In the second grade, my classmates and I were tasked with sewing our own Christmas stockings.
I was a fairly oblivious kid, and somehow coasted through to the age of 7 without ever acknowledging the existence of Christmas. But we worked hard on those stockings, and I was excited when I came home, rushing through our front door, stocking in hand, demanding it be hung on our fireplace.
I remember my parents looking at each other anxiously, and then my mom taking the stocking gently from my hand and walking me over to the sofa. She explained to me that, as Muslims, we didn’t celebrate Christmas – that it was a Christian religious holiday, but that Muslims had Eid1 (two Eids at that2), and those were our religious holidays.
All of this I accepted without hesitation. I’d never connected the stocking to the holiday anyway, it was just a thing I was told you hung on a fireplace. And I knew Eid – I loved Eid, when we all got dressed in our fanciest shalwar kameez3 and went to the mosque early in the morning for Eid prayers. Afterwards, we spent all day with family and friends, eating delicious food, the kids all playing together somewhere far from the adults. But the best part of Eid was the tradition where the kids all got money from the adults. Even as a child, I was proud of my faith and my heritage (later in elementary school, I nearly punched a kid in the nose when he called me “Indian,” screaming at him that I was, in fact, Pakistani – and then was told by said kid that he’d never heard of Pakistan so it must be a made-up country. Ahhh the innocence of the early 90’s, before we’d droned the crap out of Pakistan).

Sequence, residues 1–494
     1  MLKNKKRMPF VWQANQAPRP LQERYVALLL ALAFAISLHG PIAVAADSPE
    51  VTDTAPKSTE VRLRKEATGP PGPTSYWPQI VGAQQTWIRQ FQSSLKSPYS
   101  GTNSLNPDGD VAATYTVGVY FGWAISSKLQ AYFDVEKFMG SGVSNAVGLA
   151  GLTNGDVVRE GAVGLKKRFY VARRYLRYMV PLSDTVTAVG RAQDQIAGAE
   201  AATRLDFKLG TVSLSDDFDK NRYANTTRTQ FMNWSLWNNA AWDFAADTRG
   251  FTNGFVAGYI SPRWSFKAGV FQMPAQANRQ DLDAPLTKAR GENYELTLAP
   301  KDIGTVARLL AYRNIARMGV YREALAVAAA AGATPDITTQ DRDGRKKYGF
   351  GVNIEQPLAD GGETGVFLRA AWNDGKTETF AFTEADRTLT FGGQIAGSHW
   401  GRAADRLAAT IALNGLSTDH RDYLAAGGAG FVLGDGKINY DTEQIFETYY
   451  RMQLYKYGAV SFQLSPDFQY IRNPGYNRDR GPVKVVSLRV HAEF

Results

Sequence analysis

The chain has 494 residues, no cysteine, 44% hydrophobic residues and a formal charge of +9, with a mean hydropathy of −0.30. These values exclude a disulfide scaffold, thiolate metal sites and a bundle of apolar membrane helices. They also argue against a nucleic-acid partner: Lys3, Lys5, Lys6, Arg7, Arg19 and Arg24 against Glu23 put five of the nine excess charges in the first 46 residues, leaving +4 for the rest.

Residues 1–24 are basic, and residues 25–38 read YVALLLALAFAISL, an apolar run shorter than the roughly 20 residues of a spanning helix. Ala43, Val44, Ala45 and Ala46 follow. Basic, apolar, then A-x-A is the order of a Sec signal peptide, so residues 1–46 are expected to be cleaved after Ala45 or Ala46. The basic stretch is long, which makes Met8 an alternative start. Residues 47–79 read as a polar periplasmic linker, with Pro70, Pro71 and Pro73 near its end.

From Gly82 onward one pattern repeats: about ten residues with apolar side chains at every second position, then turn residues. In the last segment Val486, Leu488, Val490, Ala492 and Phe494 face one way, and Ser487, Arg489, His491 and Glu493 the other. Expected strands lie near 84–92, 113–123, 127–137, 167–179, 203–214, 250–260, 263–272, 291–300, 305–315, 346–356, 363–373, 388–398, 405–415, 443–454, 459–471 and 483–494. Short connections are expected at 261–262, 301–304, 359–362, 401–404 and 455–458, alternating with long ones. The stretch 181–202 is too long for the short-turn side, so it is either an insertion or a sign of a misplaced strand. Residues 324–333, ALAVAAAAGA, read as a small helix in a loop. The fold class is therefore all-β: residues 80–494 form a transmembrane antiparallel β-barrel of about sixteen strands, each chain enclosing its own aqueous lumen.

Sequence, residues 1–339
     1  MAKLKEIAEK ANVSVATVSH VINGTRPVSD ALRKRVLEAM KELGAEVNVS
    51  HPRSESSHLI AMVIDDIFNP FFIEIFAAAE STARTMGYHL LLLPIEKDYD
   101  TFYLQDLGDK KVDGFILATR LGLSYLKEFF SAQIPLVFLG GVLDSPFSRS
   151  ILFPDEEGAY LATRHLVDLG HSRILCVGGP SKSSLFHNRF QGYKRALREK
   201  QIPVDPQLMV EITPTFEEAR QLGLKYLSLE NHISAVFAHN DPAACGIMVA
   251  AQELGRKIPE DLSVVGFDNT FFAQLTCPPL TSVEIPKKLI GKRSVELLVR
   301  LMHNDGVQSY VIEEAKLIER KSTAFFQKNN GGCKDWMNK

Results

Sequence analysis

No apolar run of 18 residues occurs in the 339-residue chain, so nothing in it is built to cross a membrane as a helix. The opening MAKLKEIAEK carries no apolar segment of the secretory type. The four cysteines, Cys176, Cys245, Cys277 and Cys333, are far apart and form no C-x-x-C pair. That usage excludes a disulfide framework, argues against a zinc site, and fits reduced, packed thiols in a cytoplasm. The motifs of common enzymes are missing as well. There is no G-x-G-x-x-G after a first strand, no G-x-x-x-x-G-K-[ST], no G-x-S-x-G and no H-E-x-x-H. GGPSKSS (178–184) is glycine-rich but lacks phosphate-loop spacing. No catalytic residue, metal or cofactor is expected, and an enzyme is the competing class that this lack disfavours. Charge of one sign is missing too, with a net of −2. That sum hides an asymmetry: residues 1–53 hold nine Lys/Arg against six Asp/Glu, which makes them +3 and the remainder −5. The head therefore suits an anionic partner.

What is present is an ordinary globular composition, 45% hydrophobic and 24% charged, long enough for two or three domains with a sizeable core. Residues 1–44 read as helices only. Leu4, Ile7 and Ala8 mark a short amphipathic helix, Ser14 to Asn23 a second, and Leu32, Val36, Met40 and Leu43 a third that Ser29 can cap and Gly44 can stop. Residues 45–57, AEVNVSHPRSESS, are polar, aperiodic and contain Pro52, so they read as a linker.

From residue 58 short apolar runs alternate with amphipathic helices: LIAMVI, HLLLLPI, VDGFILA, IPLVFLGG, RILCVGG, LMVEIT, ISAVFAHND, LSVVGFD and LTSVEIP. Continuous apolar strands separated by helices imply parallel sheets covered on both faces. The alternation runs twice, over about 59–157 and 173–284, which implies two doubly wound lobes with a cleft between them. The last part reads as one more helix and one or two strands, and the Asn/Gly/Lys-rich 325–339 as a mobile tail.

While the religious aspect of Christmas never really interested me, I loved that time of year. People were kinder, gentler, and friendlier, there was a promise of snow and hot cocoa in the air. Our town would hang the same lights and decorations on the main roads every year, and the radio would play Christmas songs. In the townhouse complex where I grew up, our cozy little horseshoe of houses would put up decorations as well, and come December you could start smelling that deep, comforting woodsy smell of chimney smoke as fireplaces were lit around the block.
I exchanged presents with my best friends around the holidays – our group consisting of one Unitarian, one Jew, one Muslim, and one Agnostic. I loved candy canes and peppermint, and holiday book sales that meant I could stock up my already-impressive library. The season wrapped a comforting blanket around me and lit the beginning of winter with a warm glow: two weeks off from school to do nothing but play in the snow, read some books, and curl up with hot chocolate by the fireplace.